The final word

For many people, this guide may only be the beginning of the journey into learning about binoculars and spotting scopes. There is a lot more information available; you need only to look for it.

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Published by soularcher on 14 May 2008

Cubicle Psychology…

Cubicle Psychology…

 

Joe Shuhay

 

I’m not sure if it’s the few good memories that I have of my dad, if it’s the chill-up-my-spine adrenaline rush when a shot presents itself, or if it’s the peace and solitude that I only get when in God’s green woods.  I do know that something draws me out there.  It’s something I just can’t put my finger on.  I can say that I almost always leave the woods feeling refreshed, and recharged.  I find myself thinking that if I could, I’d spend most of my time there, among the pines and oak, breathing in the cold fresh air of morning, awaiting a glimpse of movement, or traversing a ridge in pursuit of the elusive Hart of lore.  A good weapon in hand, me versus the unknown.  This is what I live for.

 

7:59 a.m., and I sit dejectedly into my padded swivel chair of my gray, artificially lit cubicle for another 9 hours of staring at a computer screen.  “How did I get here?”  I look out of the office window down the hall from me.  The bright morning sun falls on the green spring leaves of a nearby maple tree, and I feel a yearning deep within my soul to venture outside, feel the warm sun on my face, and hear the wind in the trees.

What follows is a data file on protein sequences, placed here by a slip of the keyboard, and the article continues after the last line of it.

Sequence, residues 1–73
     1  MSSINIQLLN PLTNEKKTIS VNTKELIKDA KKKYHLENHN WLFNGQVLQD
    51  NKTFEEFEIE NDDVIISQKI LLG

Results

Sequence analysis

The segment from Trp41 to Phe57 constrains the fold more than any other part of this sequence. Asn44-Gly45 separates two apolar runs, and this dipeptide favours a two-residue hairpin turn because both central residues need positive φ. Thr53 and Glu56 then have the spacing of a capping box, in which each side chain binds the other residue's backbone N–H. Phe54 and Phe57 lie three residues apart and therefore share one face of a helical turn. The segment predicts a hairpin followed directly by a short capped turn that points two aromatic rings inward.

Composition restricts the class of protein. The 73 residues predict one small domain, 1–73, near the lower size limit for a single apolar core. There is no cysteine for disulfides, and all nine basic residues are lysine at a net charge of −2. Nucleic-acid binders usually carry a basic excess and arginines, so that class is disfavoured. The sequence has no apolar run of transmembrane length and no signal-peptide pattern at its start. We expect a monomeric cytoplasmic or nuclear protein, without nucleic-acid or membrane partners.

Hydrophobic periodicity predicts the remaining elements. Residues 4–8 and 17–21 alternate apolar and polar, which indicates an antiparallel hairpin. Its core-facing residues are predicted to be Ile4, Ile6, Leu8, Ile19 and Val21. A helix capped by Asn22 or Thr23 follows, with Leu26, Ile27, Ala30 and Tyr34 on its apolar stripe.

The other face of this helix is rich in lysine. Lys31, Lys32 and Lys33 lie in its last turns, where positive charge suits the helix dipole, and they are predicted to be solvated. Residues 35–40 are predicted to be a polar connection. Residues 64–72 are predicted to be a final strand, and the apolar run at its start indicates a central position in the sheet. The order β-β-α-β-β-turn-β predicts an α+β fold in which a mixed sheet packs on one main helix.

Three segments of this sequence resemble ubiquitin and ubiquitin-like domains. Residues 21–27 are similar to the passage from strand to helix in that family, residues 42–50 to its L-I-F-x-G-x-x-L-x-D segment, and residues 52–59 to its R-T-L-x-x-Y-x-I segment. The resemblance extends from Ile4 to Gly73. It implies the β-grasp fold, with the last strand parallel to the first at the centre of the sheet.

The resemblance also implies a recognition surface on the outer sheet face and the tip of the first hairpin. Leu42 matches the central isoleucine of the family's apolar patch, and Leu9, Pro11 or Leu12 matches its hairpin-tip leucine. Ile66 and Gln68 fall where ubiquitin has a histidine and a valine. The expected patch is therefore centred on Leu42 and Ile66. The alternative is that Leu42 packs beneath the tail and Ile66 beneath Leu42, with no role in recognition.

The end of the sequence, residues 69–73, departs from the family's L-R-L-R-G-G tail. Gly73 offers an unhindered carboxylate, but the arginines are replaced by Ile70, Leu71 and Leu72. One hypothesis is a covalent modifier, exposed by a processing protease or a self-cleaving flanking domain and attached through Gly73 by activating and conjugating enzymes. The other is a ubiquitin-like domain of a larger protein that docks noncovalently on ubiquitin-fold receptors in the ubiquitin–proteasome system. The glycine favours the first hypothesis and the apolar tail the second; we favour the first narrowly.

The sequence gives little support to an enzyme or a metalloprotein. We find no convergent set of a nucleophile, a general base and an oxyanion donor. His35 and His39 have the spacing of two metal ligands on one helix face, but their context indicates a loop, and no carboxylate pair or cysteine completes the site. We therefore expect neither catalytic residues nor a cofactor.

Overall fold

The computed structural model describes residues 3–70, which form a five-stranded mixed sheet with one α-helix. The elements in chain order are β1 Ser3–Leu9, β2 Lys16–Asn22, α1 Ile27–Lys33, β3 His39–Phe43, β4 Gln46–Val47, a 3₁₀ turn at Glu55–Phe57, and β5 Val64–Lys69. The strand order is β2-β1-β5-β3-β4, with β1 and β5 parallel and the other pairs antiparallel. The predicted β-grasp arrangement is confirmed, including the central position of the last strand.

Throughout the day my mind drifts to hiking and scouting, shed hunting, open fires and the like; but mouths need to be fed, and bills have to be paid…

 

There is a part of a man that no one can touch, something wild and dangerous, something that is forced to live in the gray area between the cold oppressive bars of the rat race, and the limitless wilderness.  Most boys are raised to suppress their “wild” part in favor of what is considered to be more socially amicable qualities. This goes way beyond raising our children to have respect and manners.  In these days of sexual immorality, and metrosexuals, boys are emasculated, and taught to be “nice guys”.  Then society laments the lack of “real men” in society.  No toy guns or bows, no aggressiveness.  Those boys grow up, and society then asks them to be leaders at work, on the battlefield, and in the home. 

 

Most men today live lives of quiet desperation in their offices and garages, watching action shows on television rather than living out the very things that we are programmed to do. They are slowly dying inside for want of less rat race, and more wilderness in their lives.  That reason alone is enough to understand why we hunt, and what is so attractive about the out of doors.  Don’t get me wrong, I love being a father. For me it’s God and family first.  But God also put this love of hunting and the outdoors in my heart, and I plan to pass this on to my kids, and anyone else that is interested. 

 

There is a part of a man that no one can touch, something wild and dangerous, something that is forced to live in the gray area between the cold oppressive bars of the rat race, and the limitless wilderness…

 

 

 

 

 

 

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Published by csinclair on 12 May 2008

Archer and Hiker does not equal Bow Hunter

(a.k.a. 10, (more), practice tips for new Bow Hunters

Last weekend I had the first chance ever to take my bow out into the bush for a long hike on 160 acres of farmland interspersed with forests and tree stands on some private property owned by my family, where I have permission to hunt.